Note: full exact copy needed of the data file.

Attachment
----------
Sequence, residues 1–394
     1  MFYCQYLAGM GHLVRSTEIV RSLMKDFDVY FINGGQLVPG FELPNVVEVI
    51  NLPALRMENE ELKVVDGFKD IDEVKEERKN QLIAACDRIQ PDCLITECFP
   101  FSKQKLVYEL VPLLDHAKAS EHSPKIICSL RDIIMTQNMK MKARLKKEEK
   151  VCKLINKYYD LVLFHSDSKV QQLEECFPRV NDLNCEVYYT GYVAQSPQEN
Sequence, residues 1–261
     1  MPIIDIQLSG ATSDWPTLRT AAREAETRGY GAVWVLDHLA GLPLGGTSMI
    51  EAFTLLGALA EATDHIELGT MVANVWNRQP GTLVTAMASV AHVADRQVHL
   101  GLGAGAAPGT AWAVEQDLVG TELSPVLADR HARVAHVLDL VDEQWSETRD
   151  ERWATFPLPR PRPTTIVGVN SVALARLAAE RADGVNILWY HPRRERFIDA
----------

Sequence, residues 1–394
     1  MFYCQYLAGM GHLVRSTEIV RSLMKDFDVY FINGGQLVPG FELPNVVEVI
    51  NLPALRMENE ELKVVDGFKD IDEVKEERKN QLIAACDRIQ PDCLITECFP
   101  FSKQKLVYEL VPLLDHAKAS EHSPKIICSL RDIIMTQNMK MKARLKKEEK
   151  VCKLINKYYD LVLFHSDSKV QQLEECFPRV NDLNCEVYYT GYVAQSPQEN
Sequence, residues 1–261
     1  MPIIDIQLSG ATSDWPTLRT AAREAETRGY GAVWVLDHLA GLPLGGTSMI
    51  EAFTLLGALA EATDHIELGT MVANVWNRQP GTLVTAMASV AHVADRQVHL
   101  GLGAGAAPGT AWAVEQDLVG TELSPVLADR HARVAHVLDL VDEQWSETRD
   151  ERWATFPLPR PRPTTIVGVN SVALARLAAE RADGVNILWY HPRRERFIDA